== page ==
Hello fellow molecular biologists! I'm currently starting out doing a lot of Bisulfite Sequencing and as COBRA is not sufficiently working on my sequence, I do Sanger Sequencing instead, as suggested by my PI. The problem is I was told a single peak of "T" means the Cytosine is methylated, in a CpG context. However, thinking about it, I have trouble explaining how you would get to this conclusion.

My though was: Imagine you have:

5' CpG 3'

3' GpC 5'

Now if both are unmethylated you get:

5' TpG 3'

3' GpT 5'

If you now do a PCR, they give rise to two types of DNA molecules (TG/AC) and (CA/GT). If you perform Sanger Sequencing just with the forward primer, this would mean you get 50% "T" and 50% "C" at the original position. In other words, the reverse strand (3'-GC-5') should always restore the "C" at the original position, when I perfom a PCR.

So who is wrong? Should I expect 100% "T" or 50% "T" and "C" for a completely unmethylated CpG?

By the way, I asked ChatGPT. Initially he told me 100% "T" would be correct. As I explained my thought process, he agreed with me, but then cited imaginary papers with links that do not exist. :D

Thanks in advance! Best regards, Felix

  • $\begingroup$ I would not go to ChatGPT for trusted scientific advice, it has a tendency to make stuff up, as you have discovered. I would suggest going back and interrogating further what "single peak of T" means. It is not easy to tell what it is supposed to mean from your question. Notably: does 50% T count as a peak? I would say so, if I was expecting C. If it's not the CpG context that's methylated but rather just that Cs are methylated, you would instead expect 2 peaks of 50%, right? Possibly misunderstanding. $\endgroup$ Commented Apr 6, 2023 at 16:24
  • $\begingroup$ "single peak of T" should mean that the sequencing result really just shows a clean "T", without any major peak for "C", "G" or "A" (hence the C being unmethylated). To maybe elucidate that a little bit more: I'm really just aiming at analysing CpGs (not just Cs) and I try to conceptually get an understanding for what my result should be for a fully methylated CpG dyad, hemimethylated dyad (on one of the two strands) and fully unmethylated. So the question is very straightforward. What would the Sanger Sequencing result look like, if the CpG dyad is fully methylated? And why? $\endgroup$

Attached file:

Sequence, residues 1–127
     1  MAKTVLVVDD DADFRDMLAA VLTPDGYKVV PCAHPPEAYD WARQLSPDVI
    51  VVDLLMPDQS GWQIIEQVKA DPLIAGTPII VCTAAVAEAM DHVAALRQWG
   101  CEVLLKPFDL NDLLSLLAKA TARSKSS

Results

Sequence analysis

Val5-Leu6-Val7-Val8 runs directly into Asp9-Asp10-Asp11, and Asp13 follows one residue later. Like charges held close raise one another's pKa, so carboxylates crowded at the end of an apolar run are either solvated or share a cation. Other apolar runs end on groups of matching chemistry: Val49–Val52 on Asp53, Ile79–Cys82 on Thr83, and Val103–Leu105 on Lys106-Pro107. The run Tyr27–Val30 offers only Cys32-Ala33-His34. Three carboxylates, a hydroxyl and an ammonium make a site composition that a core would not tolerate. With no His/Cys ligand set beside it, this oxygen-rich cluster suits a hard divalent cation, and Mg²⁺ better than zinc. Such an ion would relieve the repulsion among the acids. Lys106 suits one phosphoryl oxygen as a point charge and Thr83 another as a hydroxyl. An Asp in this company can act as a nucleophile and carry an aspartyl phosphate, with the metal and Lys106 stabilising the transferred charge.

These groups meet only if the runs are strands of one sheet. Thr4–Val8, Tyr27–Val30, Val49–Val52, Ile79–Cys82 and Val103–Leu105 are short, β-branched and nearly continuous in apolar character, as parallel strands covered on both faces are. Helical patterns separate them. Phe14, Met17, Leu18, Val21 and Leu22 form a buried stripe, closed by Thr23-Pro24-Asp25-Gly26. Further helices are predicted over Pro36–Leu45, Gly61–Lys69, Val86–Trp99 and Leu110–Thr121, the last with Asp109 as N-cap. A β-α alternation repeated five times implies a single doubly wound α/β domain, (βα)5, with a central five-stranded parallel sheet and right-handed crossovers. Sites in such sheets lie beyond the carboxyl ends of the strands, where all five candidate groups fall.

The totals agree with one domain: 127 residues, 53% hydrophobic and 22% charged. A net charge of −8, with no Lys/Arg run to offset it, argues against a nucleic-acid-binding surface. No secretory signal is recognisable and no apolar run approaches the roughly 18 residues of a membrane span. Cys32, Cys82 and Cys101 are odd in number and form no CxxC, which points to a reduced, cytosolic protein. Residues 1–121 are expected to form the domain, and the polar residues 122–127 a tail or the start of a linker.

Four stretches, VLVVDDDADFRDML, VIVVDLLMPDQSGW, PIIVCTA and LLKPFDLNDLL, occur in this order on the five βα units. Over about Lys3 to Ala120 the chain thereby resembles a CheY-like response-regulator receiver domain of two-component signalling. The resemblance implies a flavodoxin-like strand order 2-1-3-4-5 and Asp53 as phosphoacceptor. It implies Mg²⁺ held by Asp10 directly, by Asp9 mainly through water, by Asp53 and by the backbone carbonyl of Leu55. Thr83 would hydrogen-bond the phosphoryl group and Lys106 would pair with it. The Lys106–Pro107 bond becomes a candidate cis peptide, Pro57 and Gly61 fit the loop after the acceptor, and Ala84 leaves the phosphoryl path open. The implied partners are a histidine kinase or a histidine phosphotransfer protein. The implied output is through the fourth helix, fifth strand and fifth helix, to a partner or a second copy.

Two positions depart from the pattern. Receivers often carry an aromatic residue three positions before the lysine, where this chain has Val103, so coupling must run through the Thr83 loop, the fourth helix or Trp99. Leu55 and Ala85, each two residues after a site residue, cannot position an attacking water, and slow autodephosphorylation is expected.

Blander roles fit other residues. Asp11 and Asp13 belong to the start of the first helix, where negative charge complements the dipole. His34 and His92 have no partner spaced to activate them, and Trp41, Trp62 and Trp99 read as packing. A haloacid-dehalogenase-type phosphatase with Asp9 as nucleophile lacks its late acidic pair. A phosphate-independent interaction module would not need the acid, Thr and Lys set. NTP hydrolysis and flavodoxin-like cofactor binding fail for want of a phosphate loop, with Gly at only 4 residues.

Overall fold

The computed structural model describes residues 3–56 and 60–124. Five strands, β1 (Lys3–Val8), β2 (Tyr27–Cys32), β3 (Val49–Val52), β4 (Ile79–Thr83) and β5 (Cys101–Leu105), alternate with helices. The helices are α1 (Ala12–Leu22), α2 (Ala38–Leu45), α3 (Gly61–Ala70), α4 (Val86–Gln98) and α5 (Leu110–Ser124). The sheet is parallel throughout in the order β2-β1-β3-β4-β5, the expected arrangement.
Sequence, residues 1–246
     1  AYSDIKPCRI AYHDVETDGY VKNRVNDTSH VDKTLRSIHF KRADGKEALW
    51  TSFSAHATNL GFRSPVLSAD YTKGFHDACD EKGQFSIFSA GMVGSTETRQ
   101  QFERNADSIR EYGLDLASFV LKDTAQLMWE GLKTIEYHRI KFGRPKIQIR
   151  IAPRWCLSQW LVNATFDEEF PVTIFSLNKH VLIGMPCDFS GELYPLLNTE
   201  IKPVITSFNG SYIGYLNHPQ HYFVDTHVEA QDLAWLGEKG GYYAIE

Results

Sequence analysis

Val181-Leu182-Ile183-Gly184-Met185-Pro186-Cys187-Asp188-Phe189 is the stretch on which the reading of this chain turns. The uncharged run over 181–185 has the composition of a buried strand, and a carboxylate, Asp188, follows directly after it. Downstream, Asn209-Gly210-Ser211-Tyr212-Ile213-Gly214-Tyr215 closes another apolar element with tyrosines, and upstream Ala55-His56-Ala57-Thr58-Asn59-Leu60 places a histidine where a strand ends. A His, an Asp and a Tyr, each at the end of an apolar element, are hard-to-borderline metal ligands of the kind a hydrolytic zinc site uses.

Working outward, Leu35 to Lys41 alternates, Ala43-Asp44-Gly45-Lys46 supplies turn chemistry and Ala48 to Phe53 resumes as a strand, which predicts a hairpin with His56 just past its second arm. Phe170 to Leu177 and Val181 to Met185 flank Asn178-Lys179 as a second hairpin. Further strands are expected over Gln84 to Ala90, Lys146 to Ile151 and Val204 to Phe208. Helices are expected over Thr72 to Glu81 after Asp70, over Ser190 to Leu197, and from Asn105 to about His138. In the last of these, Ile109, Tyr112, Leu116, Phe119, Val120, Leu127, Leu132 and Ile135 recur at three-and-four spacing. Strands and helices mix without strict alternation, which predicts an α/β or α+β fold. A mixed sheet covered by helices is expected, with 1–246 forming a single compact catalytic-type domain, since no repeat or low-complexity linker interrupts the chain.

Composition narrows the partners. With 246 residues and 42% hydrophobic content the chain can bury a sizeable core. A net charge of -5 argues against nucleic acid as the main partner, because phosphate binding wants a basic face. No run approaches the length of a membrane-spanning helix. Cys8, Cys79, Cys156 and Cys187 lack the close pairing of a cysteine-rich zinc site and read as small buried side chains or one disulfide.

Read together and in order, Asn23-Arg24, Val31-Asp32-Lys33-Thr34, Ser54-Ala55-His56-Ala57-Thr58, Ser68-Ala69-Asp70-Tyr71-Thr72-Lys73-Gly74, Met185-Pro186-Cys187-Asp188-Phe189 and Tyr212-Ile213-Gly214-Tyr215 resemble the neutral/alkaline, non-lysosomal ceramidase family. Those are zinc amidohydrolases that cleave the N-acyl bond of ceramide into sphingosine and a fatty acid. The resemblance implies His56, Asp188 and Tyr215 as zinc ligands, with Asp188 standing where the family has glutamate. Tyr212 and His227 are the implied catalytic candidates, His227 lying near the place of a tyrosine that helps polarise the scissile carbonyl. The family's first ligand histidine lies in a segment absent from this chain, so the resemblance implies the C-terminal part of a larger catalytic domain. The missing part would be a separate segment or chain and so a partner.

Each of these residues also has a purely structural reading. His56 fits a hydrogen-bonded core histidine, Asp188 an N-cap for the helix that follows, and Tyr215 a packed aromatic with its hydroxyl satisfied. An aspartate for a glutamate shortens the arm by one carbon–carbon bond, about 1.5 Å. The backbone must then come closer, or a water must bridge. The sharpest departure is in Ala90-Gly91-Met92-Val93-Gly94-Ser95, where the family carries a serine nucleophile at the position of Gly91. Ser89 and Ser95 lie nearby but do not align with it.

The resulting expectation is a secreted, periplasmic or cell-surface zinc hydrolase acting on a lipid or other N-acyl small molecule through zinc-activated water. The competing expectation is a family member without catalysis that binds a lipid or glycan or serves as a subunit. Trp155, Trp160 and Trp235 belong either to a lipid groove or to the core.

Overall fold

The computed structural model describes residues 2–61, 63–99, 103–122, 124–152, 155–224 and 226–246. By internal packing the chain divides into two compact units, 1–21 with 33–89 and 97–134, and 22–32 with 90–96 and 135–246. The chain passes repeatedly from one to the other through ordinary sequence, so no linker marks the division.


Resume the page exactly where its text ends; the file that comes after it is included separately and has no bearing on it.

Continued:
– Felix H.
    Commented Apr 6, 2023 at 20:35
  • $\begingroup$ Well, have you looked at the literature or wikipedia? $\endgroup$ Commented Apr 6, 2023 at 22:44
  • $\begingroup$ With all due respect, if your contribution is "read more" and have you looked on Wikipedia, then I seriously question the motif behind you answering this question. It's really not that trivial if you think about it - and yes, I have read some papers about data interpretation of BS-Seq data and of course Wikipedia as well. So far I do not have found a comprehensive answer to what the expectation would look like (some just take the relative difference between C and T at the "C" position of a CpG) and to me the answer seems to be more complicated. $\endgroup$
    – Felix H.
    Commented Apr 7, 2023 at 10:37
  • $\begingroup$ I am not trying to answer your question, or I would not have written in the comment field. I am trying to help you improve your question such that someone else can answer it (there are many people who are experts in this field but I'm not one of them). I'm sorry if this seems disrespectful. When someone feels prepared to answer your question, they will answer it in the "answer" field below. It is standard for people asking questions to directly cite the sources that they have already consulted and explain why they haven't answered the question; I am trying to help you to do that. $\endgroup$ Commented Apr 7, 2023 at 16:41


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